Please join us in extending a belated and very warm official welcome to Monticello’s newest members of the Gardens and Grounds team: Michael Tricomi and Evan O’Neill. We recently sat down with each of them to discuss their accomplished backgrounds and learn about the important contributions they bring to our farm and gardens.
Monticello Vegetable Gardener
Hailing originally from the Hudson Valley region in New York, Michael Tricomi joined us at Monticello in March 2020. With a MA in history focusing on museums from George Mason University, Tricomi has worked as an intern at George Washington’s Mount Vernon, a substitute teacher, and a historical interpreter for the National Purple Heart Hall of Honor in New Windsor, New York, giving tours and leading education programs. Prior to joining the Monticello garden team, he worked at an arboretum and two nurseries in New York State, and as head gardener for J.W. Townsend Landscapes locally in Charlottesville.
In his role as Monticello’s Vegetable Gardener, Tricomi is delighted to combine a self-described dual passion for history and horticulture. His many responsibilities include planning and maintaining Jefferson’s two-acre experimental gardens, supervising summer interns and garden assistants and interpreting the gardens for our guests. Using Thomas Jefferson’s Garden Book as his guide, Tricomi determines where to plant and rotate crops for each growing season, manages the tilling and nourishing of the twenty-four plots (or “squares”) and conducts weeding and responsible pest control.
And the work continues: Tricomi also harvests produce for the Monticello café and local donations, collects the historic seed varieties allowed to set for propagation and gathers produce designated for special products such as our small batch hot sauce and Bloody Mary mix – all available for sale online and at The Shop.
Tricomi has been married to his wife for three years. He is the elated father of an eight-month-old son whose parents love and collect old and rare books, including children’s stories, which they read to him regularly.
And finally, because we know you’ll ask – what’s Tricomi’s favorite vegetable? Beans – all beans – because there’s so much diversity! The Brown Turkey fig (found in the submural beds below the bean arbor in our vegetable garden) is his hands-down pick for best fruit.
Stop by and say hello to Michael Tricomi on your next visit to Monticello.
Monticello Farm Associate
A New York State native, O’Neill moved to Virginia as a young boy and recalls that his family always maintained a connection to farming. Working on a private vegetable and small animal farm throughout high school, he attended the Virginia Polytechnic Institute and State University as an undergraduate, receiving a BS in Agricultural Science with two minors in Civic Agriculture and Leadership and Social Change. After graduating, O’Neill spent the next five years working for the Virginia Tech Animal and Poultry Science Research Farm housed on the campus in Blacksburg, Virginia.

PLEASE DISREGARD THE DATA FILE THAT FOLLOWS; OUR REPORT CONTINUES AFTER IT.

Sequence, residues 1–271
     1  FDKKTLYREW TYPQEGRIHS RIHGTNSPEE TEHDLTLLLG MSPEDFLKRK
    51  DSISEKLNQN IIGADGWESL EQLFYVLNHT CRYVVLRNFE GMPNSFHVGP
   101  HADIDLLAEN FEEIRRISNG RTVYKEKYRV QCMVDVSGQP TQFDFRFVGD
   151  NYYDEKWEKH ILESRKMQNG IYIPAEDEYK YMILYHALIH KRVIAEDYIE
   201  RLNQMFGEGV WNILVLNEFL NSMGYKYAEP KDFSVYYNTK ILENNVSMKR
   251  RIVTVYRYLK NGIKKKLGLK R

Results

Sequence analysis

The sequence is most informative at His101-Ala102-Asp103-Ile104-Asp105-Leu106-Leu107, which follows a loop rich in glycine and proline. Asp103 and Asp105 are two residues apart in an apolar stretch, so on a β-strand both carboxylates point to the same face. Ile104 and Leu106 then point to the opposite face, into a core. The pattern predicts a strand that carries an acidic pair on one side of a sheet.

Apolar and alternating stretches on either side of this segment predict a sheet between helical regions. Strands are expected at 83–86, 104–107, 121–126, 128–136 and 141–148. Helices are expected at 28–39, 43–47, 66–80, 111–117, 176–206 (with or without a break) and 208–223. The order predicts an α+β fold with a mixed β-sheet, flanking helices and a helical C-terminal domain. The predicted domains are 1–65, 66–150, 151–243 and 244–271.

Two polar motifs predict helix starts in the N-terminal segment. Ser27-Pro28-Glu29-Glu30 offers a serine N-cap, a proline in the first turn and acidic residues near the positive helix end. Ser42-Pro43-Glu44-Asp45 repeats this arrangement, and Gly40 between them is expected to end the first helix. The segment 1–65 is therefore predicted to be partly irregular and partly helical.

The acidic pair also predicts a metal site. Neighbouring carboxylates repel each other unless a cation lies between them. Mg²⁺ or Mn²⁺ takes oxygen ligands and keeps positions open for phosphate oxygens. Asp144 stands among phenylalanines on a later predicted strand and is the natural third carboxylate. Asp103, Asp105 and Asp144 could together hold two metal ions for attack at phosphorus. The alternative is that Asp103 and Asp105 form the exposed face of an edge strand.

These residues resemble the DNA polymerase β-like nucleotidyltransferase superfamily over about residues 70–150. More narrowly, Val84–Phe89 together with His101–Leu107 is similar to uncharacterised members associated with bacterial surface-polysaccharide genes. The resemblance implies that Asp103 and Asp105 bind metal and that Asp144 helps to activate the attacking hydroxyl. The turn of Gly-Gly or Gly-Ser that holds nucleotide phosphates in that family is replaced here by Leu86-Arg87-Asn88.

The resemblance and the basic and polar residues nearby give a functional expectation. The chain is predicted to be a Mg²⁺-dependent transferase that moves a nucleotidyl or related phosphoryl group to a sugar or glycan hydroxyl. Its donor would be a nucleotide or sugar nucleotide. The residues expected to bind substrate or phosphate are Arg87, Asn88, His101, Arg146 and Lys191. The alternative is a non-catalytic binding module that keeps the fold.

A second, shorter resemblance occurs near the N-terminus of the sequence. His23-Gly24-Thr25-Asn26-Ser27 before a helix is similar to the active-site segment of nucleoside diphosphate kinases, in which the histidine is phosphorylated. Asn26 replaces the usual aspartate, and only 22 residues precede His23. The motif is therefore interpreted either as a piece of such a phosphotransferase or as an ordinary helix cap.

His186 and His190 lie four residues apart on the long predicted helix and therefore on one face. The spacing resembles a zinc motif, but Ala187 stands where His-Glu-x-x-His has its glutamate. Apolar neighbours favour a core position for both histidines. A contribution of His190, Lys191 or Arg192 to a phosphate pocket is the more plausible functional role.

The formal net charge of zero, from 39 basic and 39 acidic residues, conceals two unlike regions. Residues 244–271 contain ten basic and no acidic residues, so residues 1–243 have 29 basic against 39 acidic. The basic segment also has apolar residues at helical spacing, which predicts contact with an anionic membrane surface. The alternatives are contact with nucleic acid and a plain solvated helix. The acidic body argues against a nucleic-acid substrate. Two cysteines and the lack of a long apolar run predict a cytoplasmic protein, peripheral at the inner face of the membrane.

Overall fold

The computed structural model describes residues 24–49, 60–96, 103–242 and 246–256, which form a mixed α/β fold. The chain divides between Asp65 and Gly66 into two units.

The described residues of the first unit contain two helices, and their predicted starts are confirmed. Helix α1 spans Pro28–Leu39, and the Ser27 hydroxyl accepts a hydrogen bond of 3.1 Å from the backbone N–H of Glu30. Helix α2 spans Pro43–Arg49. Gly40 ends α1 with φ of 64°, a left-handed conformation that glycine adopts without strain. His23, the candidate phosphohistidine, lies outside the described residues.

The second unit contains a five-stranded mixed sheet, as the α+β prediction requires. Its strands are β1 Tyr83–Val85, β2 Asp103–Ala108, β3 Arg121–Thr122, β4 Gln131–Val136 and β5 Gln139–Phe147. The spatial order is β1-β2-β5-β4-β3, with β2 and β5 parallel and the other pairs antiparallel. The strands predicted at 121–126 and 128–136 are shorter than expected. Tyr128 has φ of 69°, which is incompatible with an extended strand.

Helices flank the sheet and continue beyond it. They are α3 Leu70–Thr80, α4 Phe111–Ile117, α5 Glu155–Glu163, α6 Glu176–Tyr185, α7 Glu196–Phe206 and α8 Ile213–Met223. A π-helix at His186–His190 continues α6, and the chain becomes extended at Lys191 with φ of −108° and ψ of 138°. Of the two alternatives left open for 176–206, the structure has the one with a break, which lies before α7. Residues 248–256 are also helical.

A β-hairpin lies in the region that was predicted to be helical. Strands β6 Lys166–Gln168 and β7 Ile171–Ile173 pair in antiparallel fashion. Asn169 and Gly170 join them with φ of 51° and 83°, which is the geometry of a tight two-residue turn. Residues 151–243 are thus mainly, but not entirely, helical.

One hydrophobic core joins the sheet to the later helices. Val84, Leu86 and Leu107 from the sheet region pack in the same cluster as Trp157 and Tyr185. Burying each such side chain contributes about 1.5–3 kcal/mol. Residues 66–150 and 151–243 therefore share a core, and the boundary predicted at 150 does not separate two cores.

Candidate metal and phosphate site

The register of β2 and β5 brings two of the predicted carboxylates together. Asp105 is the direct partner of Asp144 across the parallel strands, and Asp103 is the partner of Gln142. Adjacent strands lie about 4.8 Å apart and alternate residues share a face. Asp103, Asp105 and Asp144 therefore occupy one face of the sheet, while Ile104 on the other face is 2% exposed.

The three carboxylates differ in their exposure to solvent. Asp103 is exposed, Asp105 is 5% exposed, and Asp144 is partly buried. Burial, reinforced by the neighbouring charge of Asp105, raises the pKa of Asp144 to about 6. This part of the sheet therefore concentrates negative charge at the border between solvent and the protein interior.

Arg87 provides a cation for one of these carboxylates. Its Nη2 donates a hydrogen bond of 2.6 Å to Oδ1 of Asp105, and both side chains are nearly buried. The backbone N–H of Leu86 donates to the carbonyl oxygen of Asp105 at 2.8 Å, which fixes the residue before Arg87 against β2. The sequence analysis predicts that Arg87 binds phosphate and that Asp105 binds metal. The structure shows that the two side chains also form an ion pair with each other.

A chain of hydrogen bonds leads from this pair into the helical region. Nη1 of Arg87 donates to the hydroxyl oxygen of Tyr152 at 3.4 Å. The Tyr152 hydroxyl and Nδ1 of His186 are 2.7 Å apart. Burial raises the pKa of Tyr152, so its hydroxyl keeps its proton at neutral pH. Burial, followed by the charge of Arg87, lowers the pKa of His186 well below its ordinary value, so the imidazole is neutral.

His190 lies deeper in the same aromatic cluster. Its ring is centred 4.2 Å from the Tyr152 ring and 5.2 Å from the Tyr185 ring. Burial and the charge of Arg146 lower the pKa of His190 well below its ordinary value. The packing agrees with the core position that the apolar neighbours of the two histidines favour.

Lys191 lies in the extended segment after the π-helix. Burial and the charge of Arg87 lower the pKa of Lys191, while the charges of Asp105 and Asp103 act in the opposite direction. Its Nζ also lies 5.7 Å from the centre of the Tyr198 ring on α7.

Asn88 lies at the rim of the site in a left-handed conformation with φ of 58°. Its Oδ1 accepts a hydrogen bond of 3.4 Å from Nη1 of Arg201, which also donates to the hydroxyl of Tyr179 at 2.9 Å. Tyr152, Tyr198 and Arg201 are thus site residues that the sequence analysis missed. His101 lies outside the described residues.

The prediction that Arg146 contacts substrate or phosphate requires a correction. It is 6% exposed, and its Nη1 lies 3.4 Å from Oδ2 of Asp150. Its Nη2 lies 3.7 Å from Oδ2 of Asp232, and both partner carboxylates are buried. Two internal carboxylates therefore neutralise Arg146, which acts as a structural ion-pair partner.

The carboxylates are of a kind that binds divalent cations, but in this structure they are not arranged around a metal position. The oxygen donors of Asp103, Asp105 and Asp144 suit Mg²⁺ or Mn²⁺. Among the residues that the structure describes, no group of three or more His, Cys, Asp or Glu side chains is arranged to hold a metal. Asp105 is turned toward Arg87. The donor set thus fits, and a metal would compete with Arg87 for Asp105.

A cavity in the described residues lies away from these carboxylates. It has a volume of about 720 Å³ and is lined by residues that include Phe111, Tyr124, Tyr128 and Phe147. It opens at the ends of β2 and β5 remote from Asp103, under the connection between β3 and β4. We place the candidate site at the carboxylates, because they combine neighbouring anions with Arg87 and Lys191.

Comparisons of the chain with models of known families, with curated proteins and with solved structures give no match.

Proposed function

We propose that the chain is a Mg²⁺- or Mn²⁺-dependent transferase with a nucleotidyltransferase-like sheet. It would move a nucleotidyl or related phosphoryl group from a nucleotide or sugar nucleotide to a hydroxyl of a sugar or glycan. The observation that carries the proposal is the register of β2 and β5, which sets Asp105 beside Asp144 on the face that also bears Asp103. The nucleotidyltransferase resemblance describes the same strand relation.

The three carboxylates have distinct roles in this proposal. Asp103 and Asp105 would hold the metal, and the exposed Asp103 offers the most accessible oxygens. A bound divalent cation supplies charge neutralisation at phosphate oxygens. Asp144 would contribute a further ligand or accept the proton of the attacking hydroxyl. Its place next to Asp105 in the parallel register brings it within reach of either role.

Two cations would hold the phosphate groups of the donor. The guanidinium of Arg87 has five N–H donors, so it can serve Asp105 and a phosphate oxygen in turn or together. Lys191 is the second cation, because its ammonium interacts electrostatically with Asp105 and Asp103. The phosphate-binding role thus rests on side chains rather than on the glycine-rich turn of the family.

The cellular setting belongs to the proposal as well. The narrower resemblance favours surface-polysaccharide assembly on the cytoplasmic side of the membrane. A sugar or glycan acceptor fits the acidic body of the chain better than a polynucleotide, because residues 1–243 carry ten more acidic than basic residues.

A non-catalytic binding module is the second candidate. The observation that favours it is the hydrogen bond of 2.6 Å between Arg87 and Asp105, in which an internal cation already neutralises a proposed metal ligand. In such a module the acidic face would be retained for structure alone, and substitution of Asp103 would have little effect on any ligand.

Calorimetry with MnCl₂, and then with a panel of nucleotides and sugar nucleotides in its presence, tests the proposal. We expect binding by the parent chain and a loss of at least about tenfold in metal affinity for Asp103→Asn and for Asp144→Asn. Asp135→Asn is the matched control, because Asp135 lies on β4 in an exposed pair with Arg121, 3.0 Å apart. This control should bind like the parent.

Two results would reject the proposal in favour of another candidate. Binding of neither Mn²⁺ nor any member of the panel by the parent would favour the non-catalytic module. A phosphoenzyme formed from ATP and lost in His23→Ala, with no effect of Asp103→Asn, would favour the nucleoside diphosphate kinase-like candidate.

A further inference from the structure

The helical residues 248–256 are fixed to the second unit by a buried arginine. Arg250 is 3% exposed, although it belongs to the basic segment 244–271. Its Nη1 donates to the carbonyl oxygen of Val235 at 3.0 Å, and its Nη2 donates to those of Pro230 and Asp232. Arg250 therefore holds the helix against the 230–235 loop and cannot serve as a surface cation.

Before joining Monticello in April 2021, O’Neill worked with local farmers developing pest management strategies for the Virginia Cooperative Extension. With a passion for vegetable growing, he is happy to join the Tufton Farm team to help guide and nurture our farm project and looks forward to establishing innovative technologies and sustainable standards such as on-site composting, crop rotation and cover crops to build up the soil structure going forward.
Day-to-day responsibilities for O’Neill at Tufton vary, but always include working the land and planning for upcoming planting and harvests. You’ll most often find him in the fields weeding, planting, pruning, harvesting and cultivating while listening to a podcast on new growing strategies as he labors. An aspiring apiarist, O’Neill is also learning his way around Monticello’s apiary with our accomplished Beekeepers, Paul LeGrand and Leslie Bouterie.
The growing season is well underway, with potatoes in abundance and heat-loving peppers and tomatoes enjoying a spectacular season. Most of the harvested produce goes directly to Monticello’s Farm Table café, where our culinary team aims to connect history with food – sharing with our visitors the pleasures of sustainable, organic and locally sourced ingredients. Visitors to Farm Table learn about Thomas Jefferson’s enthusiasm for local agriculture and his love of seasonal produce, along with the culinary legacy of generations of Monticello’s enslaved gardeners and cooks who raised the vegetables and prepared the food for Jefferson’s table. Whenever possible, excess produce is donated locally.
In his spare time O’Neill enjoys hiking and tinkering on projects, most of which include a car or two. Like Tricomi, he is also a fan of the beans (!), loves growing tomatoes, eating berries and making an epic, fresh summer salad.
We hope you’ll join us at Monticello in person this summer. And please come soon – the tomatoes are just ripening, the artichokes and cardoons are in full, purple-thistle bloom and the peppers are right behind!
If you can’t join us live to experience the dramatic, 1,000 foot-long garden terrace, be sure to browse the livestream, videos and podcast section of our Monticello website for an important selection of historical and present-day features about such topics as: agriculture and the Monticello plantation, life in the plantation fields, beekeeping, land use and management, gardens of the enslaved families at Monticello and much more.